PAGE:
How Will Mexico’s Energy Reform Impact Its Growth?

Energy reform in Mexico is taking shape. The swiftness in which a presidential promise survived a Congressional vote and was signed into law shows that Mexico, a major manufacturer and provider of goods to the United States, is ready for investment and to turn around a nearly century old stalemate in the country’s energy sector.

State owned PEMEX has been the sole oil producer in the country since 1938, but with reforms on the horizon, Mexico’s economy is sure to be impacted in what consensus views as only a positive for the country.  There will be more international and regional interest in the energy sector, more foreign direct investment and even more competition as various avenues for growth begin to open up.

It’s also a positive sign that Mexico’s government can work together to encourage that growth, says Win Thin, Global Head of Emerging Markets with Brown Brothers Hariman.

“It shows that Mexico’s President Pena Nieto and the Congress can work together to pass structural reforms,” says Thin. “Other reforms are needed in other areas, and the fact that the contentious energy sector reforms can be pushed through with compromises is a very good sign. It’s also very positive for growth, and thus for Mexican equity markets.”

Mexico’s energy reform will also lead to significant changes in the country’s infrastructure, as refiners begin to modernize and take shape, and the structural changes required come to fruition. Even before he announced energy reform in 2013, Pena Nieto outlined a $300 billion plan to upgrade Mexico’s infrastructure, which includes energy.

Mexico’s fundamentals are improving.  According to a September research note published by Bank of America Merrill Lynch (BAML), Mexico “stands to be one of the most resilient emerging economies in the increasingly likely scenario of higher growth and rates in the U.S.” As a result, the firm raised Mexico to “market weight” on September 30 from underweight, citing market fundamentals and “fair spreads.” Growth has also picked up in the country on the back of stronger exports, with more growth potential ahead from structural reforms, according to BAML.

Rumblings of rate hikes in the United States have led to wider Mexican spreads but remain on par with similar emerging markets with similar credit ratings. The country’s macro picture is improving however, according to BAML.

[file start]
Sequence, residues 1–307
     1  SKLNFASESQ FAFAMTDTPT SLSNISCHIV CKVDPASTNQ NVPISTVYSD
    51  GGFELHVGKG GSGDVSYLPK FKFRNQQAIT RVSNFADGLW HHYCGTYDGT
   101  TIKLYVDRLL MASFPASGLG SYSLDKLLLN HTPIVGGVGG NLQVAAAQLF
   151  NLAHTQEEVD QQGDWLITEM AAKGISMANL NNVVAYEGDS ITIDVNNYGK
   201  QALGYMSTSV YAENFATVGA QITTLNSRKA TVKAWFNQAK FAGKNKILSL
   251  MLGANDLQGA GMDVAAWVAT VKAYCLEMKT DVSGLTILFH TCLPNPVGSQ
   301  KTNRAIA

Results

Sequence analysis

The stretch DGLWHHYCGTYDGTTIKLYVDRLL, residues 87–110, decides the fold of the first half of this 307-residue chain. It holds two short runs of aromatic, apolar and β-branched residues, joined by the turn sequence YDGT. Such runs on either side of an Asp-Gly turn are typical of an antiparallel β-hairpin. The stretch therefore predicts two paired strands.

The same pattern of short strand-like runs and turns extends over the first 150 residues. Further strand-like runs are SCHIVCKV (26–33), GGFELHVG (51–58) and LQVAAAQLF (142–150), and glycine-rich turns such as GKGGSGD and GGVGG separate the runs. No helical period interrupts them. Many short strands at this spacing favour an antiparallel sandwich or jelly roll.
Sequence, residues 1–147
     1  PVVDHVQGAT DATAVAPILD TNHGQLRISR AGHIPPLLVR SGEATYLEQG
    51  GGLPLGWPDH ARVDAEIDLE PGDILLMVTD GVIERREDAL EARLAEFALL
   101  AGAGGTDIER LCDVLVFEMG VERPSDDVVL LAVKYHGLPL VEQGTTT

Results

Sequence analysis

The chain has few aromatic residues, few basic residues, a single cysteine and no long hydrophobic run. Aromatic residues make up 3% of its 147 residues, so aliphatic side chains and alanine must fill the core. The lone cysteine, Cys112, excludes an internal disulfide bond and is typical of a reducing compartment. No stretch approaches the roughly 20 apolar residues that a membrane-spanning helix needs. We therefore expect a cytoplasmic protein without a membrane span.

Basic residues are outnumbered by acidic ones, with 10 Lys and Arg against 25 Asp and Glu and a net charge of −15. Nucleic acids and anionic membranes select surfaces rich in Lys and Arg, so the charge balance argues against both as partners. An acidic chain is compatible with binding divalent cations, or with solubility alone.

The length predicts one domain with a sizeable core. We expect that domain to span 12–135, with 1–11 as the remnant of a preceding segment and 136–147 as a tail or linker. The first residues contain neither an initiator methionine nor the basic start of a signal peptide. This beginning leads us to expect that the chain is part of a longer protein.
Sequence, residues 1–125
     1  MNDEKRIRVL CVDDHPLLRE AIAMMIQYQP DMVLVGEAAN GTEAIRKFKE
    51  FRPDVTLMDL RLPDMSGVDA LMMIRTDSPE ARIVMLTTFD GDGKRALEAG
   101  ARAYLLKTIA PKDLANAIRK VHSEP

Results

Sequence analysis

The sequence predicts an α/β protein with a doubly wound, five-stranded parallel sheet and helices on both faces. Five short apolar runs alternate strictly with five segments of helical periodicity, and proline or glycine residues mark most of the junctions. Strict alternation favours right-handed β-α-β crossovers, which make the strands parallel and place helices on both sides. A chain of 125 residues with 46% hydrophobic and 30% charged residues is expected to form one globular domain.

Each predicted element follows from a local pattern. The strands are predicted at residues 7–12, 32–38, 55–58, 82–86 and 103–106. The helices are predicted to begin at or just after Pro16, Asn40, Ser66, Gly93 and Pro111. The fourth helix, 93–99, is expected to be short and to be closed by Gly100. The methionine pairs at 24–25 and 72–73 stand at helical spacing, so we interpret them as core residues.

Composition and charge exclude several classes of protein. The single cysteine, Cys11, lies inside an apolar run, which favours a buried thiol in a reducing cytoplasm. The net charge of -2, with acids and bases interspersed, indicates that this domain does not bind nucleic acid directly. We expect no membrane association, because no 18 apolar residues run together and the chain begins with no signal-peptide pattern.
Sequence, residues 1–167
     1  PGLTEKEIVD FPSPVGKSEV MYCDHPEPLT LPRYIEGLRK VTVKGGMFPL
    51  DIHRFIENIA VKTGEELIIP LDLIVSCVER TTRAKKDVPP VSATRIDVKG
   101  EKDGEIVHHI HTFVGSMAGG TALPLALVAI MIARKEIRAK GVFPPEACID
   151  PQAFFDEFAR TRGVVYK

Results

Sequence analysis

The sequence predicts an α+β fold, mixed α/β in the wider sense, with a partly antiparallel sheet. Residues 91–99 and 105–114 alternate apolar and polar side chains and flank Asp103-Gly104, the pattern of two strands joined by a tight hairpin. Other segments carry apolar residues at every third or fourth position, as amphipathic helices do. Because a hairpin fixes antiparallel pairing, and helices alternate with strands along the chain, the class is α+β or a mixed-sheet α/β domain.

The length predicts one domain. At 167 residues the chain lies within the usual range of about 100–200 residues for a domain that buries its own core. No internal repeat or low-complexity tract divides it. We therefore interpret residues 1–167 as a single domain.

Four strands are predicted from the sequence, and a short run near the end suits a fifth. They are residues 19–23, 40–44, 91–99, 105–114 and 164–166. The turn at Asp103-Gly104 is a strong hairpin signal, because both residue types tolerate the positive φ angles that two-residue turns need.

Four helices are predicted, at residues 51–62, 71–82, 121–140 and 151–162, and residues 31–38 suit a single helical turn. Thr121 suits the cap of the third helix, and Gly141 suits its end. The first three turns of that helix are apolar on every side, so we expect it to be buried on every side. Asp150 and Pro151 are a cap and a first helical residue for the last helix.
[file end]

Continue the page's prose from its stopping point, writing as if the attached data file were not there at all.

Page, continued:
That goes according to plan for President Pena Nieto, who has said energy and other reforms could bring 5 percent annual growth to Mexico by 2018.

 

Putting Mexico On The Map

As a developing nation, energy reform could put Mexico in a group of global energy leaders, especially within the emerging markets. Increased output from the energy reforms would keep Mexico as part of the growing North American bloc of energy producers, explains Thin.

“Growing oil production from stable North American sources should also help limit the effects of supply disruptions from the more politically volatile Middle East,” he says.

The North American Free Trade Agreement may also benefit Mexico immensely once reforms begin to roll out.

“The faster development of the energy sector in Mexico could be synchronized with the developments in the U.S.,” says Marco Oviedo, Chief Economist for Mexico with Barclay’s. “We could start talking about the NAFTA energy bloc. Also, the manufacturing sector will become more competitive improving the outlook for foreign investment and market expansion for Mexican manufacturers.”

 

Read More:

What Energy Reform Could Mean for Mexico?

 

 

Dawn Kissi is an international cross-platform journalist covering the business, finance and economies of the world's emerging markets. She reports and produces content on sovereign and geopolitical risk, central banks, global exchanges and various sectors within financial markets. Her journalism career began in the New York newsroom of ABC News. She has since reported on a range of topics from a number of countries. She is multi-lingual and a graduate of Columbia University's Graduate School of Journalism.

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